The end of “The Era”

30 09 2010

When I found out that Daily Journal sports reporter Emanuel Lee was leaving the newspaper I love at the end of September I wrote him a quick email and told him that, as far I was concerned, I had just had my “Michael Jordan” moment.

You remember that one right? The one where he shocked the sports world when he retired (the first time) and you thought, wait, is he even allowed to do that? The best player in the game, just walk away?

If you know Emanuel Lee you know I’m not exaggerating in comparing him to Michael — as far as I’m concerned Emanuel, like MJ, is the best in the game. His Airness on newsprint. I challenge you to prove me otherwise.

I met Emanuel while working for the Daily News five years ago. I was a rookie on the scene, he was an established, award-winning journalist. I tell you, when you’re just starting off in the the newspaper game, it can be pretty intimidating. At least for me it was. I remember the first time I said more than a hello to him, as a fan and aspiring sports reporter, I felt like I had just talked to Bono.  Over time, and through covering the same sports scene, we built a decent friendship. I’d catch him at a game, we’d share a chuckle, the fist bump, the occasional meal, the chat about our significant others — he’d sit with me and the gf while watching baseball games at Washington Park in Burlingame. I tell ya, those were some fun times. Cold Fridays at South City. Drinking root beers at Aragon. Looking at each like “WTF” when Serra’s volleyball coach didn’t want to talk to the press (us) after a loss. Oh, and Chuck Rapp, sharing laughs from his quotes. It was those times that morphed Emanuel Lee into just “Lee.” Like, Pele.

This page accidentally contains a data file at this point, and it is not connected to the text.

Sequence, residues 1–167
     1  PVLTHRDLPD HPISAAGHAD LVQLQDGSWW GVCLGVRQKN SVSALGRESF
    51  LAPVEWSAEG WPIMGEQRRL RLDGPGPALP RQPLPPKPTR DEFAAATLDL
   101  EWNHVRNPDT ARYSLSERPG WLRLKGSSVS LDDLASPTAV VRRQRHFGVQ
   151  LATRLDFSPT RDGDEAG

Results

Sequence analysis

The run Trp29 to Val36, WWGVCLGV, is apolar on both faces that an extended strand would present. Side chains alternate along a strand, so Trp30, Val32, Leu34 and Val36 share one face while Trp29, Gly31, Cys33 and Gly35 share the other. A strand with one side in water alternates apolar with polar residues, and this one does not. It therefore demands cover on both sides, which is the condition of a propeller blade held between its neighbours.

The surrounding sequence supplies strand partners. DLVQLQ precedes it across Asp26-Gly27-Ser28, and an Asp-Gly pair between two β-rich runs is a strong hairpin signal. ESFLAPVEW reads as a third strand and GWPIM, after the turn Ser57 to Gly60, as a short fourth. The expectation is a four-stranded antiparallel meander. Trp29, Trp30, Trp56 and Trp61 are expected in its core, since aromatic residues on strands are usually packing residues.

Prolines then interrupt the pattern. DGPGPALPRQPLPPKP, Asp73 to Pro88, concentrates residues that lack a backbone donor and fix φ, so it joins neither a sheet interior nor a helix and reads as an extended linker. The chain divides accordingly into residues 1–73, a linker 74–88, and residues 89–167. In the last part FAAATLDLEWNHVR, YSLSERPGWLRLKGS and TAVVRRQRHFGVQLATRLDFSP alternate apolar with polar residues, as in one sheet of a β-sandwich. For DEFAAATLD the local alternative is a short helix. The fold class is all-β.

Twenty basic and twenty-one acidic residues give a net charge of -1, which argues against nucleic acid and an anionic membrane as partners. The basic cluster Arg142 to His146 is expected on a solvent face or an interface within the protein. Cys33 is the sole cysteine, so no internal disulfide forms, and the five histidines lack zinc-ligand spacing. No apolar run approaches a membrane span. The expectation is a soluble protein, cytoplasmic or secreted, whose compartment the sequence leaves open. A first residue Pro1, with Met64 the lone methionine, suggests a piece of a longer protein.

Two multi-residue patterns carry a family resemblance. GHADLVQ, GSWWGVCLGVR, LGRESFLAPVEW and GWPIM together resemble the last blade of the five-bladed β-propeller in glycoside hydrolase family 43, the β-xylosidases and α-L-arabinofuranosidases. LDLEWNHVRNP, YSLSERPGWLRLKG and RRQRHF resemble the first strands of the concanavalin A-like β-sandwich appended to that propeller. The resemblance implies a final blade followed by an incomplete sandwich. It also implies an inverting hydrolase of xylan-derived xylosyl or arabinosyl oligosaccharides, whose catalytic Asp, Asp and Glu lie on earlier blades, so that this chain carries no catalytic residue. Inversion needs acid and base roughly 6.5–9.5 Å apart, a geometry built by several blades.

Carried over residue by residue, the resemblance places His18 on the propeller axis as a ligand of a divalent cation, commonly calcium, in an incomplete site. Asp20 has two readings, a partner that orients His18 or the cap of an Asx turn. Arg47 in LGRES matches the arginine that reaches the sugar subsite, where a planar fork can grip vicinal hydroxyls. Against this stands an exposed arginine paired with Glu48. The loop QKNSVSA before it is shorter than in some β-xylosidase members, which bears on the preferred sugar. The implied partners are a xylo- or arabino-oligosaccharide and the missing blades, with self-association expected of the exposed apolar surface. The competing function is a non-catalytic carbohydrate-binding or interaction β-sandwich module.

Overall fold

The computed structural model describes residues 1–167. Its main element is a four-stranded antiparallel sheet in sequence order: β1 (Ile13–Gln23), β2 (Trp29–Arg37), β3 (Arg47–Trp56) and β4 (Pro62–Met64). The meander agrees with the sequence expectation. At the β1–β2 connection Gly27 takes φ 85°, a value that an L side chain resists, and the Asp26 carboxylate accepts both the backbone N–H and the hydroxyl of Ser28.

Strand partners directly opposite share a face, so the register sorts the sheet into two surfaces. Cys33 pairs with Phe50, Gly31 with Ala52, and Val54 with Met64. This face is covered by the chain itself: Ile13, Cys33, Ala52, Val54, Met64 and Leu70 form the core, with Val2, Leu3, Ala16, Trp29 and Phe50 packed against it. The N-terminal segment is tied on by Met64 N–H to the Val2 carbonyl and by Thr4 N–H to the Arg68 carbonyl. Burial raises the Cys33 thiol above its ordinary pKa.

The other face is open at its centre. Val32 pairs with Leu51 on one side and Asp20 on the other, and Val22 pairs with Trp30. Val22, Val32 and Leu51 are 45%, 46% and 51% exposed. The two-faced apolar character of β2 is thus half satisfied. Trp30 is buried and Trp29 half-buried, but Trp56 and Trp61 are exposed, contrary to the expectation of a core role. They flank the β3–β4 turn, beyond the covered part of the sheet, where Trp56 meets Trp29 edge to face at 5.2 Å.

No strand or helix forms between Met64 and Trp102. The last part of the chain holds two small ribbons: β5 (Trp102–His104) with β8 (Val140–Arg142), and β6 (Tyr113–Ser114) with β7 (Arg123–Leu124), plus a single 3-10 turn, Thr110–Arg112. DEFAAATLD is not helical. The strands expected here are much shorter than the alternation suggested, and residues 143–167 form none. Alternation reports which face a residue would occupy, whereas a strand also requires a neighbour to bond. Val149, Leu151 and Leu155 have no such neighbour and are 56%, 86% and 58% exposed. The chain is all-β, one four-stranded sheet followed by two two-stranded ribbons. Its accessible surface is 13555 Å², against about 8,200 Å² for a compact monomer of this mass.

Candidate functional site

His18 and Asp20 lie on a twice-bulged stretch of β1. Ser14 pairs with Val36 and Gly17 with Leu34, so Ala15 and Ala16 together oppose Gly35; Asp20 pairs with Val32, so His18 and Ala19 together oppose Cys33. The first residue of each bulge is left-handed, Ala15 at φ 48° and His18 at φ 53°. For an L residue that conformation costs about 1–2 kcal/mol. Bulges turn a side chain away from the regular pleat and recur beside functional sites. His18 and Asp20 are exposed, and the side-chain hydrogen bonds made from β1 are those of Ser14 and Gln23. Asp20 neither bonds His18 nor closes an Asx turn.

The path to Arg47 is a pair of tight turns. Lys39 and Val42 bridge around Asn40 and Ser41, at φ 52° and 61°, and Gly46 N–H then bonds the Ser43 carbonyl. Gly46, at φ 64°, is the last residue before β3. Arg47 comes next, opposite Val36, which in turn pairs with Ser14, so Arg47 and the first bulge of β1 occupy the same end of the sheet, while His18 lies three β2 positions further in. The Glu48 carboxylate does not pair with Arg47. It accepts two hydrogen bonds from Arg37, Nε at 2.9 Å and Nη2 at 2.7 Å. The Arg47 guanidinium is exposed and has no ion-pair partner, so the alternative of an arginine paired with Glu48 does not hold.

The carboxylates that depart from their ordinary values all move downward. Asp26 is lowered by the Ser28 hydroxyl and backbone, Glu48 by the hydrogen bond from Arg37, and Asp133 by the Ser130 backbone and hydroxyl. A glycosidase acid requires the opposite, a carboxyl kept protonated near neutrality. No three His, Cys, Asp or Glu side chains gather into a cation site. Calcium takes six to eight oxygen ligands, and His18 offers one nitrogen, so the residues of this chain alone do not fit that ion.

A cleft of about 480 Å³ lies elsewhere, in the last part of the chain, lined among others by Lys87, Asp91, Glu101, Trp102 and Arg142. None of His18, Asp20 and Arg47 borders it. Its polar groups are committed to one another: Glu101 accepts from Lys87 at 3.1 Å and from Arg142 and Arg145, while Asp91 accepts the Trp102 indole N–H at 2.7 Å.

But the nicest, most generous thing Lee ever did for me was get me my gig at the Daily Journal. Budget cuts and etc. at the DN were leaving me broke, and when a spot opened up at the Daily Journal for a production artist, I asked if he’d put in a good word for me.
Two years later, here I am — super bummed that I’m losing a co-worker. I feel like Pippen. I think at the Daily Journal, we all feel like the Bulls.